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Re: [beemonitoring] Agapostemon

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  • Jack Neff
    The bee with the closeup of the mesosoma is clearly not an Agapostemon (the shape and sculpture of the propodeal area is all wrong).  Since their aren t
    Message 1 of 7 , Oct 12, 2012
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      The bee with the closeup of the mesosoma is clearly not an Agapostemon (the shape and sculpture of the propodeal area is all wrong).  Since their aren't supposed to be any augochlorines in the NW, a metallic Osmia is a good guess.  The Calochortus bee remains an Agapostemon

      best

      Jack
       
      John L. Neff
      Central Texas Melittological Institute
      7307 Running Rope
      Austin,TX 78731 USA
      512-345-7219

      From: Dana Visalli <dana@...>
      To: Bee Monitoring <beemonitoring@yahoogroups.com>
      Sent: Friday, October 12, 2012 10:34 AM
      Subject: [beemonitoring] Agapostemon

       
       
      I'd like to check in again with this Agapostemon:
       
       
      I found I had collected what is probably the same bee during the summer.
       
      Using 'Bees of Northwestern America: Agapostemon' which 'H' pointed out is a pdf online,
      it looks like it has to be texanus or femoratus, range-wise-- as several people on this list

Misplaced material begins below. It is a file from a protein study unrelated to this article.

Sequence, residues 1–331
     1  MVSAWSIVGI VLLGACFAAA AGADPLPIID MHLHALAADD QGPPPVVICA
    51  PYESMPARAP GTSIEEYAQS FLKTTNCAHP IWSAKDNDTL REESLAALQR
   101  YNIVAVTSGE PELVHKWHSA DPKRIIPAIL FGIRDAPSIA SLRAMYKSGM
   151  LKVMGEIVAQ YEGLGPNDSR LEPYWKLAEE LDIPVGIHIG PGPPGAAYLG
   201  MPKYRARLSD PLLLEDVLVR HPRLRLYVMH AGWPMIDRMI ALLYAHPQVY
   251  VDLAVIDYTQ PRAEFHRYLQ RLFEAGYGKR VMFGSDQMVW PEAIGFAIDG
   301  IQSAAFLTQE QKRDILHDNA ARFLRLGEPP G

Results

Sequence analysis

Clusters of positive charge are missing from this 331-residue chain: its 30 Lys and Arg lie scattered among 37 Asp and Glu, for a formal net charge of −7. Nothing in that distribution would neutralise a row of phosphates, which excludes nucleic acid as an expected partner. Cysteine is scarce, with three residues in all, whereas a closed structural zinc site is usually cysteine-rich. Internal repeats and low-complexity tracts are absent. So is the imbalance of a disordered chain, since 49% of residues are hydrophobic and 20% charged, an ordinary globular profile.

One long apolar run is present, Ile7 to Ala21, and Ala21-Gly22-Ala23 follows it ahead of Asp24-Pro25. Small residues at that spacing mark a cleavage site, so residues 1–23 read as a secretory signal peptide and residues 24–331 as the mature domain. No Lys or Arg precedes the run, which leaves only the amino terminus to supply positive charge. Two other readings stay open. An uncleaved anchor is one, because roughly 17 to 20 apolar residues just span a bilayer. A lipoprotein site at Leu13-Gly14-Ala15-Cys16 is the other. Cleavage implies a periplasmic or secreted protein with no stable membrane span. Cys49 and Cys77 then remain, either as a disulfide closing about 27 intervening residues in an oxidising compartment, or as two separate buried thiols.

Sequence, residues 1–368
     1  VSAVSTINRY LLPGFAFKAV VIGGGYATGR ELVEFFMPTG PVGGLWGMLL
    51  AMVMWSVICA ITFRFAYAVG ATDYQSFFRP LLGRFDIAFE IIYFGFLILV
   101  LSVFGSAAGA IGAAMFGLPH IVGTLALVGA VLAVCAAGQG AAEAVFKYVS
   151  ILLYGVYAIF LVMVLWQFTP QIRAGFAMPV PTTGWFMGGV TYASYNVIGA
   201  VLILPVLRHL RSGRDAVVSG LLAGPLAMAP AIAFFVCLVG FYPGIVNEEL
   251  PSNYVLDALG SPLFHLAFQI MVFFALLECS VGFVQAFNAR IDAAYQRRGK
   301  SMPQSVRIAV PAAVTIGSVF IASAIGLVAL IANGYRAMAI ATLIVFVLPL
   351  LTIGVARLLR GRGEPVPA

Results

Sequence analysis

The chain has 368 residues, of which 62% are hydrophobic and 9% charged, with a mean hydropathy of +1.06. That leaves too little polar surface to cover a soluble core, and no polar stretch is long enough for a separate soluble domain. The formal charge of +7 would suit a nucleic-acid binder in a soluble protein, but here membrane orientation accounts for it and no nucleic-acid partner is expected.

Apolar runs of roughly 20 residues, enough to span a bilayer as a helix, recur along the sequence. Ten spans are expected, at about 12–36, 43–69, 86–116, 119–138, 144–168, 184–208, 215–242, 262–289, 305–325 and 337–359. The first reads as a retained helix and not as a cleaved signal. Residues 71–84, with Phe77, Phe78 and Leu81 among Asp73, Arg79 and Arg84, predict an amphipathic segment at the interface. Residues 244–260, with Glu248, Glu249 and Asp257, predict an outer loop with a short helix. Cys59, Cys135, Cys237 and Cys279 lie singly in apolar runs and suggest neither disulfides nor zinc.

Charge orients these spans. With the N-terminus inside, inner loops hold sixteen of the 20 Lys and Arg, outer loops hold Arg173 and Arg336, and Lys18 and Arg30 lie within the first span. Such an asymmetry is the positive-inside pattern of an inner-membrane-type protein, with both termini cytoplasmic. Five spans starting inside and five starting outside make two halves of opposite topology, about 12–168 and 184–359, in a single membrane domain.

pointed out. 
       
      Here are the scutums of the two from that source, 13 is femoratus and 14-15 is texanus:
       
       
      and here is the best shot I've been able to get of my bee, beginning photography 101:
       
       
      Which one is it?  Seems like femoratus.
       
      Thanks,
       
      Dana


    • John Ascher
      The bee with the closeup of the mesosoma is a female Osmia (Melanosmia) sensu lato in the Chenosmia group. John S. Ascher, PhD Research Scientist Division of
      Message 2 of 7 , Oct 12, 2012
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        The bee with the closeup of the mesosoma is a female Osmia (Melanosmia) sensu lato in the Chenosmia group.

         

        John S. Ascher, PhD
        Research Scientist
        Division of Invertebrate Zoology
        American Museum of Natural History
        Central Park W @ 79th St.
        New York, NY 10024-5192
        212-496-3447 work
        917-407-0378 cell

        From: beemonitoring@yahoogroups.com [beemonitoring@yahoogroups.com] on behalf of Jack Neff [jlnatctmi@...]
        Sent: Friday, October 12, 2012 12:28 PM
        To: Dana Visalli; Bee Monitoring
        Subject: Re: [beemonitoring] Agapostemon


        The bee with the closeup of the mesosoma is clearly not an Agapostemon (the shape and sculpture of the propodeal area is all wrong).  Since their aren't supposed to be any augochlorines in the NW, a metallic Osmia is a good guess.  The Calochortus bee remains an Agapostemon

        best

        Jack
         
        John L. Neff
        Central Texas Melittological Institute
        7307 Running Rope
        Austin,TX 78731 USA
        512-345-7219

        From: Dana Visalli <dana@...>
        To: Bee Monitoring <beemonitoring@yahoogroups.com>
        Sent: Friday, October 12, 2012 10:34 AM
        Subject: [beemonitoring] Agapostemon

         
         
        I'd like to check in again with this Agapostemon: